Reply
  • ddriver - Thursday, July 13, 2017 - link

    You are such a clown. Nobody, I repeat, NOBODY on this planet uses 64 core 128 thread 512 gigabytes of ram servers to run a few MB worth of database. You telling me to get pespective thus can mean only two things, that you are a buthurt intel fanboy troll or that you are in serious need of head examination. Or maybe even both. At any rate, that perfectly explains your ridiculously low standards for "balanced review". Reply
  • Notmyusualid - Friday, July 14, 2017 - link

    It seems no matter what opinion someone presents that might exhibit Intel in a better light - you are going to hate it anyway.

    What a life you must lead.
    Reply
  • OZRN - Friday, July 14, 2017 - link

    No, they don't. They use them to host gigabytes to terabytes worth of mission critical databases, with specified amounts of cores dedicated to seperate environments of hard partitioned data manipulation. I've done some quick math for you and in an average setup of Enterprise Edition of Oracle DB, with only the usually reported options and extras, this type of database would cost over $3.7m to run on *64 cores alone*. At this point, where is your hardware sunk costs argument?

    Also, I don't think anyone here is impressed by your ability to immediately personally insult people making valid points. Good luck finding your head that deep in your colon.
    Reply
  • CajunArson - Tuesday, July 11, 2017 - link

    "All of our testing was conducted on Ubuntu Server "Xenial" 16.04.2 LTS (Linux kernel 4.4.0 64 bit). The compiler that ships with this distribution is GCC 5.4.0."

    I'd recommend using a more updated distro and especially a more up to date compiler (GCC 5.4 is only a bug-fix release of a compiler from *2015*) if you want to see what these parts are truly capable of.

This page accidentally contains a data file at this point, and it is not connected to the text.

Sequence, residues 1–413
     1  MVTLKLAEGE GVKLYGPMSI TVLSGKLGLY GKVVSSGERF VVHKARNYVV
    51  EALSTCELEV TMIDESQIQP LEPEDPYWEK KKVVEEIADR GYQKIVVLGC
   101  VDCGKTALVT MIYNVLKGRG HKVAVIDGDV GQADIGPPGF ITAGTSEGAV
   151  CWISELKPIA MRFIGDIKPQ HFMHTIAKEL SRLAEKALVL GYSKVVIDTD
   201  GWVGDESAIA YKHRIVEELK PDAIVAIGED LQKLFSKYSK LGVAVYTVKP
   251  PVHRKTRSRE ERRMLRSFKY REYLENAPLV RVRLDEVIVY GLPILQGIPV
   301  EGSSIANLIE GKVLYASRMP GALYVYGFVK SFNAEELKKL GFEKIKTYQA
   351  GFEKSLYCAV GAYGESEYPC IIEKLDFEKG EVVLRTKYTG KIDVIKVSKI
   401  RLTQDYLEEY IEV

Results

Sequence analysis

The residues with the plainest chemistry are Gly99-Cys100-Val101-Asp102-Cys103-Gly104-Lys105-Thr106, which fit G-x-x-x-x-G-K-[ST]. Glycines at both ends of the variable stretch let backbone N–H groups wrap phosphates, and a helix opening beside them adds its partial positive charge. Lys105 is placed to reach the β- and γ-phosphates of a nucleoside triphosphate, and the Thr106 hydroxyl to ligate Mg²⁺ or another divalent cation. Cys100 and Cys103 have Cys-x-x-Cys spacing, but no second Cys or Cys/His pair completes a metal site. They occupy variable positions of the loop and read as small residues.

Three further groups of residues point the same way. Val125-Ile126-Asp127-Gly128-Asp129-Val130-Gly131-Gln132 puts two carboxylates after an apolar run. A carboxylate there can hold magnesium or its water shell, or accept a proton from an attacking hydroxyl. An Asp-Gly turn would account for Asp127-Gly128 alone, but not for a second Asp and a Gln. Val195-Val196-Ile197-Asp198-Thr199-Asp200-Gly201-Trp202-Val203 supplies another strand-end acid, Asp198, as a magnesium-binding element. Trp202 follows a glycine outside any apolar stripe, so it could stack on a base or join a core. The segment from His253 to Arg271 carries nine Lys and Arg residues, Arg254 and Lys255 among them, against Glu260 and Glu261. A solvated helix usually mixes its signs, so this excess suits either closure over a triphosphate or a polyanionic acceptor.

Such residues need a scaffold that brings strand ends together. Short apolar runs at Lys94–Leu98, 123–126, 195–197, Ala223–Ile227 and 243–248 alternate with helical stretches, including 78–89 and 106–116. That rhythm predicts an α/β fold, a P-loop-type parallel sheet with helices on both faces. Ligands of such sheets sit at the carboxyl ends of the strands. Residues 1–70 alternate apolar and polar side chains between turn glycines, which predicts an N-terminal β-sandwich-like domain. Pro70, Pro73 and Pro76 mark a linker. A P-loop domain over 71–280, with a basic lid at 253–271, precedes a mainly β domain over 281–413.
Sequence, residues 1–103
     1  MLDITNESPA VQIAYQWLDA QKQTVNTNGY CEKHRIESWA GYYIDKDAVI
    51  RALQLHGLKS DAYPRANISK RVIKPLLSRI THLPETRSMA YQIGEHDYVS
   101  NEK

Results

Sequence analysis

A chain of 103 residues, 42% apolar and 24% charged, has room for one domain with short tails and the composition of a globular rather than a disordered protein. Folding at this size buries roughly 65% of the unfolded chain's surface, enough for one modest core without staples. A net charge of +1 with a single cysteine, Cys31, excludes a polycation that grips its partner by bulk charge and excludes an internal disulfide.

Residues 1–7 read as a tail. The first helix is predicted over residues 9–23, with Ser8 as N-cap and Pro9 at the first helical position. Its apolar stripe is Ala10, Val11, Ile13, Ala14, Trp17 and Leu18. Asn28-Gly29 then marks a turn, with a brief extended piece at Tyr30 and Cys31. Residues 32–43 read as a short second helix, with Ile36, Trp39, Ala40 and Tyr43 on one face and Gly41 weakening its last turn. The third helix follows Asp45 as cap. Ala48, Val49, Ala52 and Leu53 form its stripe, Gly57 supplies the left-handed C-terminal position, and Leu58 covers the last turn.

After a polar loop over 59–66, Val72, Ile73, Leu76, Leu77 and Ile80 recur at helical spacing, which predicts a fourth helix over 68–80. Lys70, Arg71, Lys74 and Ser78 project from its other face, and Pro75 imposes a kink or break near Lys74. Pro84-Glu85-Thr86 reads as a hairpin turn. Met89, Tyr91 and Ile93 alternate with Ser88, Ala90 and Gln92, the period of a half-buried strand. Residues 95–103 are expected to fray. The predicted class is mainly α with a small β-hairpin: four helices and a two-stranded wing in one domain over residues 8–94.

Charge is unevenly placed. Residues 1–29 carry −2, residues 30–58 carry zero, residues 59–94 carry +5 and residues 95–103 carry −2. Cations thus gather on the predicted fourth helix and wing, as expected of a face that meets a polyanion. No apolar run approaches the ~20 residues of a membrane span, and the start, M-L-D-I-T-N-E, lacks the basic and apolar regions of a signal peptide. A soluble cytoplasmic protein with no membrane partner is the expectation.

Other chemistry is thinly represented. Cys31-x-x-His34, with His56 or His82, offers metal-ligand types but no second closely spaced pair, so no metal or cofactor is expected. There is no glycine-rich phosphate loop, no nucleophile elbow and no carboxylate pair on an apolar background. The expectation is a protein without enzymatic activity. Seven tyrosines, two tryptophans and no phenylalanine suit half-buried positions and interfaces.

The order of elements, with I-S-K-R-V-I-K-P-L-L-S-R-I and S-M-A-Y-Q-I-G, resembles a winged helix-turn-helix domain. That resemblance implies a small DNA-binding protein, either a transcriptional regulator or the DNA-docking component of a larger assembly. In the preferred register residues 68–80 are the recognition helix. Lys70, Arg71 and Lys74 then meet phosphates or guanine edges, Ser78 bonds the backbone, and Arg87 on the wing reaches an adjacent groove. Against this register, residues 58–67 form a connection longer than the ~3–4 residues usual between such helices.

Phoronix does heavy-duty Linux reviews and got some major performance boosts on the i9 7900X simply by using up to date distros: http://www.phoronix.com/scan.php?page=article&...

    Considering that Purley is just an upscaled version of the i9 7900X, I wouldn't be surprised to see different results.
    Reply
  • CajunArson - Tuesday, July 11, 2017 - link

    As a followup to my earlier comment, that Phoronix story, for example, shows a speedup factor of almost 5X on the C-ray benchmark simply by using a modern distro with some tuning for the more modern Skylake architecture.

    I'm not saying Purley would have a 5X speedup on C-ray per-say, but I'd be shocked if it didn't get a good boost using modern software that's actually designed for the Skylake architecture.
    Reply
  • CoachAub - Wednesday, July 12, 2017 - link

    Keywords: "actually designed for the Skylake architecture". Will there be optimizations for AMD Epyc chips? Reply
  • mkozakewich - Friday, July 14, 2017 - link

    If it's a reasonable optimization, it makes sense to include it in the benchmark. If I were building these systems, I'd want to see benchmarks that resembled as closely as possible my company's workflow. (Which may be for older software or newer software; neither are inherently more relevant, though benchmarks on newer software will usually be relevant further into the future.) Reply
  • CajunArson - Tuesday, July 11, 2017 - link

    And another followup: The time kernel compilation on the i9 7900X got almost a factor of 2 speedup over the Ubuntu 16.04 using more modern distros. Reply

Log in

Don't have an account? Sign up now